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DON'T BE A BIRD BRAIN: KEEP FIRE SAFETY IN MIND DURING DOVE SEASON

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Sept. 1, 2010 — COLLEGE STATION, Texas — With much of Texas still hot and dry and wildfires continuing to spark up across the state, dove hunters should be especially careful when heading out this week for the season opener.

Fire activity remains steady throughout much of the state, which means a wildfire could be easily ignited. All it takes is one spark from an unattended campfire, lit cigarette or even the muzzle of a gun.

“As responsible stewards of the land, hunters need to take wildfire conditions into consideration — especially when they’re elevated as they are now,” said Justice Jones, coordinator for the Wildland Urban Interface and Fire Prevention programs. “In doing so, they’re protecting the resources and wildlife they strive to conserve.”

Though dove season kicks off Sept. 1, 2010, hunters aren’t the only people who should take precautions. All outdoorsmen should keep fire safety in mind for the next several weeks while conditions — hot temperatures and dry vegetation — remain ripe for wildfires.

Considered normal for this time of year, the current, steady fire activity is expected to continue until mid September, when the fall transition brings shorter days and cooler temperatures, which make conditions less ideal for wildfires.

For the most part, recent fires haven’t grown exceptionally large or exceeded the capabilities of local responders. But, Predictive Services Department Head Tom Spencer warned, that doesn’t mean they’re not a problem.

Fires ignited accidentally by people remain a primary concern for wildland firefighters, he said.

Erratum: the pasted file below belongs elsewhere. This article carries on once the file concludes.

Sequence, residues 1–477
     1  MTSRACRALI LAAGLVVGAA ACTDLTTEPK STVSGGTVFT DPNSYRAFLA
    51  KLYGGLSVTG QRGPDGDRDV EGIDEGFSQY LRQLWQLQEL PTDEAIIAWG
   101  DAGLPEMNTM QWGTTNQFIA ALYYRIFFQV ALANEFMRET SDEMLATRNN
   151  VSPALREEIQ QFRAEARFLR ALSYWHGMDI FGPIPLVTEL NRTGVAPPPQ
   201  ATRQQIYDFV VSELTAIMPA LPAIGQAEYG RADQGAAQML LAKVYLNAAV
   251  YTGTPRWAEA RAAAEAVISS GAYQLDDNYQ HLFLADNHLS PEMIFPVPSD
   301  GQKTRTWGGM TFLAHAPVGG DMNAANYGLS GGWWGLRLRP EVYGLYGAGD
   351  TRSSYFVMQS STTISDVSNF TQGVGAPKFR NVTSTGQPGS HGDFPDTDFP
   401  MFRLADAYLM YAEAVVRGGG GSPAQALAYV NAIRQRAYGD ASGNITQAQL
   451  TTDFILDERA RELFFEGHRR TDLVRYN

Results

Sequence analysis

If you’re heading outside, keep in mind the following wildfire safety tips:

  • Obey outdoor burning bans. Don’t build a fire during dry or windy conditions.
  • If conditions are right and there is no burn ban in place, you may build a campfire. But keep the fire small and never leave it unattended.
  • Make sure the fire is extinguished and cold to the touch before you leave it.
  • Avoid burning feed bags.
  • Keep water handy when welding on stands.
  • Drive only on designated trails. Don’t park or idle vehicles in tall, dry grass, which can be ignited by contact with a hot muffler.
  • When shooting close to the ground, be sure there is no dry grass or tinder in front of your muzzle. Though rare, it’s not impossible for a shot to ignite nearby tinder.
  • Use caution with cigarettes and matches.
  • Use spark arresters on all power equipment.

For more information, visit http://texasforestservice.tamu.edu.

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Contacts:
Jan Amen, Fire Prevention Specialist in Lufkin
936-639-8100 office, 936-546-1004 cell, jamen@tfs.tamu.edu

Mahlon Hammetter, Fire Prevention Specialist in Lufkin
936-639-8162 office, 936-546-1895 cell, mhammetter@tfs.tamu.edu

Nick Harrison, Forester in Granbury
817-579-5772 office, 817-894-4761 cell, nharrison@tfs.tamu.edu

Writer:
Holly Huffman, Communications Specialist
979-458-6605, hhuffman@tfs.tamu.edu



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